From Science World Report:
From News OK:
The new traveling exhibition “The Science of Rock n’ Roll” at the Science Museum Oklahoma pays homage to the Beatles, Blondie, and the Rolling Stones, but favors framing the development of modern music through technological milestones like eight-track tapes, compact discs and iPods. The exhibit is intended to tell the story of how listening to music has transformed from using wax cylinders in the early 19th century to having millions of songs in your pocket. In addition to historical memorabilia, guests can visit hands-on stations featuring electric guitars, keyboards, and drums.
From Clarion Ledger:
The Mississippi Museum of Natural Science’s latest exhibits investigate questions of how and why leaves change color and the math behind the patterns in nature. “Nature’s Numbers” is focused on the intersection of math, science and nature. Kiosks are set up throughout the room and teach problem solving and puzzles allow guests to learn about patterns in nature through an investigative process.
From The New York Times:
As classrooms become more electronically connected, public schools are the country are exploring whether they can use virtual learning as a practical solution to unpredictable weather, effectively transforming the traditional snow day into a day of instruction. About one-third of school districts in the United States already have significant one-to-one initiatives, where students and teachers are given laptops and can work away from school on some assignments. In New York State, no district can substitute a virtual day for a snow day because not all students have computers or Internet access. In addition to questions of access to technology, in order to make snow days into days of instruction and for students to truly keep up, a thoughtful plan aligned with the curriculum would need to be developed before a storm struck.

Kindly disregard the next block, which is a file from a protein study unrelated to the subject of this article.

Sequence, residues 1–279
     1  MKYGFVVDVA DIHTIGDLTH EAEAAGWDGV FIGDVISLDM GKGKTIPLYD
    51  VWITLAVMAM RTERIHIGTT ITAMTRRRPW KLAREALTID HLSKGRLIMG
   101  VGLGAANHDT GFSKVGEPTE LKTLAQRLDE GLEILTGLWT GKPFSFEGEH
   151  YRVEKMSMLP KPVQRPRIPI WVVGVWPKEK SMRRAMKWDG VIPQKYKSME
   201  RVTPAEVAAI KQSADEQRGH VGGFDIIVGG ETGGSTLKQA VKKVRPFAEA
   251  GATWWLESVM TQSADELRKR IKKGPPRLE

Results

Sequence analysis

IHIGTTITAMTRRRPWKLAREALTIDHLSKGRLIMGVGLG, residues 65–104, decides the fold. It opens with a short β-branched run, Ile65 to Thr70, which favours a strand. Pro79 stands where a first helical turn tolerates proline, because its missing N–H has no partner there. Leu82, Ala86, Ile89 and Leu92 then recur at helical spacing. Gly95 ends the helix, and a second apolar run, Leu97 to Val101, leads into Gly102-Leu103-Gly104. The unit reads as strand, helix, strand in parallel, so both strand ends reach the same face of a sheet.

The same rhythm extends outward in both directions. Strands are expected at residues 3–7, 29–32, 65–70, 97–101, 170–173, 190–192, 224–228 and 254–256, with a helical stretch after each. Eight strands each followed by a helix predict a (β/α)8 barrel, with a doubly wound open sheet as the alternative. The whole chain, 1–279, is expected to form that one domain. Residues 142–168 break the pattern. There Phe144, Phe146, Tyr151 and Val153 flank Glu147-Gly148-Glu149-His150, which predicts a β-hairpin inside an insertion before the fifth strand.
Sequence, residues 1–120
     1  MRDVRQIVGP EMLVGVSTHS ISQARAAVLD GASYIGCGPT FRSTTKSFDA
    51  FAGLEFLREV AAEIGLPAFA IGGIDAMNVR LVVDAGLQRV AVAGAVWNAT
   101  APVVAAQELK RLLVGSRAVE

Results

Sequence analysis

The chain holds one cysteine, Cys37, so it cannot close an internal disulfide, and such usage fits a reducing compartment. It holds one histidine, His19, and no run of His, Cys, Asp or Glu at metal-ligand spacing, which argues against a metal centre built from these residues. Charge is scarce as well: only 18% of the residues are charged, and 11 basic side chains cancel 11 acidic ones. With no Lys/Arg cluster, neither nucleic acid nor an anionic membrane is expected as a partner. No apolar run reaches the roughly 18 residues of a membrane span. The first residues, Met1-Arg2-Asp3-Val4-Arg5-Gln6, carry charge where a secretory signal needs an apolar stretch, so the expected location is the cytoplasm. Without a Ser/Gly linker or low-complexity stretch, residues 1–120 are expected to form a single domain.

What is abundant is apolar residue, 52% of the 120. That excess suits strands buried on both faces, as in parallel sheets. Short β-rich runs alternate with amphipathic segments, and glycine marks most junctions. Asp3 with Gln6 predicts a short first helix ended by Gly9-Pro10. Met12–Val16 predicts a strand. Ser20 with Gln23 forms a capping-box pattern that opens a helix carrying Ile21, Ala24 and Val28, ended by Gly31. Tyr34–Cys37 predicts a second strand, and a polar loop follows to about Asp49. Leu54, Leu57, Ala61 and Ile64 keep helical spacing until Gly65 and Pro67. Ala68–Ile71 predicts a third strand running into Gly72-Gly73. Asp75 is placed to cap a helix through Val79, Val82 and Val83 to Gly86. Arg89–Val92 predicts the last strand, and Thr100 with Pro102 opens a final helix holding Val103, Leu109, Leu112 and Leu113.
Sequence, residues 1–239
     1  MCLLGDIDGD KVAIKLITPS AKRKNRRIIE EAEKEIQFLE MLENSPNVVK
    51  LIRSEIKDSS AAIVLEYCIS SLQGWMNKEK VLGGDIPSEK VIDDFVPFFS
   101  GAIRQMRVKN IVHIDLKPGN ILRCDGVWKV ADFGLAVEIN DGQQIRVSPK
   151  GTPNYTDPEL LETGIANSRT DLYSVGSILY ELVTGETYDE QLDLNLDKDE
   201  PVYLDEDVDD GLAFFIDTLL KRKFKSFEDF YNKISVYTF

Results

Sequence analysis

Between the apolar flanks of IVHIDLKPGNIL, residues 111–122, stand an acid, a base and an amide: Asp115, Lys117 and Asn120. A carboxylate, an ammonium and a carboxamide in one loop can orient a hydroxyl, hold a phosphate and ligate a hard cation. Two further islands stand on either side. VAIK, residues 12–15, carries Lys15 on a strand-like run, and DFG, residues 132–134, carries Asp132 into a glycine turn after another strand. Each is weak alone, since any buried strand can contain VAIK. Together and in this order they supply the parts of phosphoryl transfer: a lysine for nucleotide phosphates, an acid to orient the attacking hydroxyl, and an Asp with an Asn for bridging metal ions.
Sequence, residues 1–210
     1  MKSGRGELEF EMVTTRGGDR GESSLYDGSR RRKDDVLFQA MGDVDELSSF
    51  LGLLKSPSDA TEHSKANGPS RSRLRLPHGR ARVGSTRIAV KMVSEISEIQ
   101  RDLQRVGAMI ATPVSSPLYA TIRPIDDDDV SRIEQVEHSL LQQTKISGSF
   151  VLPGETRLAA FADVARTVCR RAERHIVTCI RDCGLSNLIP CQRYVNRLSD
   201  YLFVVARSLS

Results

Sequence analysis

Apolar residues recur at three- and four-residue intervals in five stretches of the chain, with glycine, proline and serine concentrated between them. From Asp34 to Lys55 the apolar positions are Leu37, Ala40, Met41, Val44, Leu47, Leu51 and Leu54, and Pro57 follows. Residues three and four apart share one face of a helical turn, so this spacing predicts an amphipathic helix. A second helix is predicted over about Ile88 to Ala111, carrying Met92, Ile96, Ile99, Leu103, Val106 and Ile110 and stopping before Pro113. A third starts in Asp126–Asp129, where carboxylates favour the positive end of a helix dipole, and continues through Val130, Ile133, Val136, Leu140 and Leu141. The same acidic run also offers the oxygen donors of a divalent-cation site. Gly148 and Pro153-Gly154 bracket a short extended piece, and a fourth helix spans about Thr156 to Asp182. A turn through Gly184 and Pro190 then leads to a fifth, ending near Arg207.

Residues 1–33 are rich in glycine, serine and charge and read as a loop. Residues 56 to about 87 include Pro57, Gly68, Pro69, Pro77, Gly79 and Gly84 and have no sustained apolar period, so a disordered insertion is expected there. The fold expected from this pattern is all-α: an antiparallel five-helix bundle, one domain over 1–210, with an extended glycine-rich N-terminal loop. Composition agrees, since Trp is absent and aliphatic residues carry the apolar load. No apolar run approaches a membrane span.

From The Atlantic:
This article highlights the new book Restoring Opportunity, written by Greg Duncan and Richard Murnane, education professors at University of California, Irvine and Harvard, respectively. The book features three educational interventions, conducted at considerable scale, that have been shown in rigorous evaluations to improve instruction and develop the skills of low-income children: the campuses of the University of Chicago charter school, Boston’s pre-K program, and New York City’s small schools of choice. The authors argue that these programs highlight what it will take to improve the education of low-income students on a wider scale: taking advantage of advances in research-based knowledge, providing essential supports for teachers and school leaders, incorporating high academic standards, and including sensible systems of accountability.
The 2014 American Association for the Advancement of Science (AAAS) Annual Meeting was hosted in Chicago and ran from February 13th-17th. The AAAS website has video of seminars such as Communicating Science, video of former Energy Secretary Steven Chu’s address about meeting the energy challenge, and audio files of all of the sessions, including a panel about the use of digital games to support youth, featuring MSI staff members. In addition to the professional conference, AAAS hosted two Family Science Days which featured hands-on demonstrations, shows, and other activities appropriate for K-12 children and their families.
The Science and Engineering Indicators report, published every two years by the National Science Board (which governs the National Science Foundation), was released in early February. This report covers trends and statistics, such as education, careers, and populations, in science and engineering fields. Science magazine published a snapshot summary of the report, highlighting the fact that those who teach elementary science tend to be novices and that science receives only 40% of the time given to math. Engineering instruction in elementary schools is almost nonexistent, with only 4% of elementary school teachers feeling very confident tackling the subject. Science’s summary also examines the changes in the math and science workforce in the United States and the number of authors of scientific papers from U.S. universities.